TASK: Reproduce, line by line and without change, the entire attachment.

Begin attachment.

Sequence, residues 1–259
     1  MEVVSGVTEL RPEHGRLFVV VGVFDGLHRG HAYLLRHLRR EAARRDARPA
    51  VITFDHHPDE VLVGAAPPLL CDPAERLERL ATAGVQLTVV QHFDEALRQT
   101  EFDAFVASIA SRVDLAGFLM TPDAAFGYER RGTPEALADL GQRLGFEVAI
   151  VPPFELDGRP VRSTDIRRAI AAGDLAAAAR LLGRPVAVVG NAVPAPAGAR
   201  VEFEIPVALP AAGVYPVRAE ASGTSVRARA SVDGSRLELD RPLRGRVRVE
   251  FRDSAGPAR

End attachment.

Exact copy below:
Sequence, residues 1–259
     1  MEVVSGVTEL RPEHGRLFVV VGVFDGLHRG HAYLLRHLRR EAARRDARPA
    51  VITFDHHPDE VLVGAAPPLL CDPAERLERL ATAGVQLTVV QHFDEALRQT
   101  EFDAFVASIA SRVDLAGFLM TPDAAFGYER RGTPEALADL GQRLGFEVAI
   151  VPPFELDGRP VRSTDIRRAI AAGDLAAAAR LLGRPVAVVG NAVPAPAGAR
   201  VEFEIPVALP AAGVYPVRAE ASGTSVRARA SVDGSRLELD RPLRGRVRVE
   251  FRDSAGPAR